Authorities targeting Americans with traditional, rural lifestyles
Paul Joseph Watson
May 8, 2015
Police seized ten children from an “off grid” homeschool family in Kentucky on Wednesday after receiving an anonymous tip about the family’s traditional lifestyle.
The nightmare story began when sheriff’s officers set up a blockade around Joe and Nicole Naugler’s rural property before entering the premises. Eight of the kids were out with their father but Nicole and two of her oldest children were at home. Nicole attempted to drive away but was subsequently stopped and arrested for resisting (attempting to prevent officers from taking her two boys away).
The sheriff then demanded Joe Naugler turn over the other eight children by 10am the next day or face felony charges, an order with which he complied.
“They are an extremely happy family,” said family friend Pace Ellsworth, who asserts that the Nauglers were targeted because of their “back to basics life” and their decision to homeschool their children.
Friends reported no concerns about how the children were being treated by the parents, who follow an educational model called “unschooling” where the children decide their own curriculum based on the subjects that interest them and what their strengths are.
“This is the natural way to live,” said Ellsworth. “It’s actually a growing movement. They want to have a personal education and not a factory education. They are completely open about their life. Everyone is learning by living. They are all extremely intelligent.”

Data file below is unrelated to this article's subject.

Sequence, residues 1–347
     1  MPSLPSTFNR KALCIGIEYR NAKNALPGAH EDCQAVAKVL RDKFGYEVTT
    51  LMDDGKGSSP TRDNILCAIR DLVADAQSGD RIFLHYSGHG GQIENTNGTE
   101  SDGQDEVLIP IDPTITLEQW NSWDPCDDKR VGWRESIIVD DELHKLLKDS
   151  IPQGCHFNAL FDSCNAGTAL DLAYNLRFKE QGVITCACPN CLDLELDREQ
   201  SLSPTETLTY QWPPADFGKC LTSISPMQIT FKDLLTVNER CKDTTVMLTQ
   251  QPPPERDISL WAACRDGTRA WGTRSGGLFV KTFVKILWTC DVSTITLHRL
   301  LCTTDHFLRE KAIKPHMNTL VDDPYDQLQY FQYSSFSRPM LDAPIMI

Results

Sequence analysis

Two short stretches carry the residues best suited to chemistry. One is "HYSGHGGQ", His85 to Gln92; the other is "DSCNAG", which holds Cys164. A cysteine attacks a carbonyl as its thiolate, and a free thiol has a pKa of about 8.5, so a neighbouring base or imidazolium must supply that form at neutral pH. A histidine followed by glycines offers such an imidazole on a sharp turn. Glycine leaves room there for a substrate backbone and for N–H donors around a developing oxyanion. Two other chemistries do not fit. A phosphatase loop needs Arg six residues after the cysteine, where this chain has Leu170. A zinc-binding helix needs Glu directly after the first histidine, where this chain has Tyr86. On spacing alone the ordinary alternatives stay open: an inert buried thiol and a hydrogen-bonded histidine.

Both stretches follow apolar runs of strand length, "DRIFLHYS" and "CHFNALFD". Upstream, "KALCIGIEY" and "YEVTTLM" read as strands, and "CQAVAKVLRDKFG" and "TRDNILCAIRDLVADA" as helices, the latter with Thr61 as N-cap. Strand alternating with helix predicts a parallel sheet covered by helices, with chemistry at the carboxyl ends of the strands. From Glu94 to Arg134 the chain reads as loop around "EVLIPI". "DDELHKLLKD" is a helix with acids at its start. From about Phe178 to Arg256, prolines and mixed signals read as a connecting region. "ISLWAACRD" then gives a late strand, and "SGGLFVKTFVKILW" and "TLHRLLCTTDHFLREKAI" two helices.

The family’s Facebook page – entitled “My Blessed Little Homestead,” is a charming testament to their way of life. The Naugler children are obviously living a blissful “free range” lifestyle amongst 26 acres of land in Breckinridge County.
“They frequently post pictures and videos of their children, animals and their off-grid life,” reports Off the Grid News. “A May 5 post showed a video of a toddler, Mosiah, learning to walk. An April 24 post showed a happy family, gathering around a campfire, roasting marshmallows.”
The family have set up a GoFundMe page to try and raise money for legal expenses.
A website for the family spells out their plight with the heart-wrenching words; “This Kentucky family of 12 people, 6 dogs, 2 farm cats and a few random farm animals was just torn apart. Their crime: Living a simple, back to basics life.”
This shocking story once again illustrates how families attempting to simply get on with their lives in a traditional manner are being treated as extremists by other Americans, snitched on, and targeted by authorities.
Meanwhile, in New Jersey, a WND report highlights how parents were interrogated by a CPS caseworker who questioned Christopher Zimmer and his wife Nicole, “on everything from their son’s homeschool education to questions about vaccines and guns in the house.”
Michelle Marchese aggressively demanded to enter the property after asserting Christopher Zimmer Jr. was not getting a “proper education.” Police subsequently arrived and allowed Marchese to enter the home before conducting a warrantless search.
The Zimmers are now suing the CPS for $60 million in a case before the U.S. District Court in Trenton.
This article was posted: Friday, May 8, 2015 at 8:58 am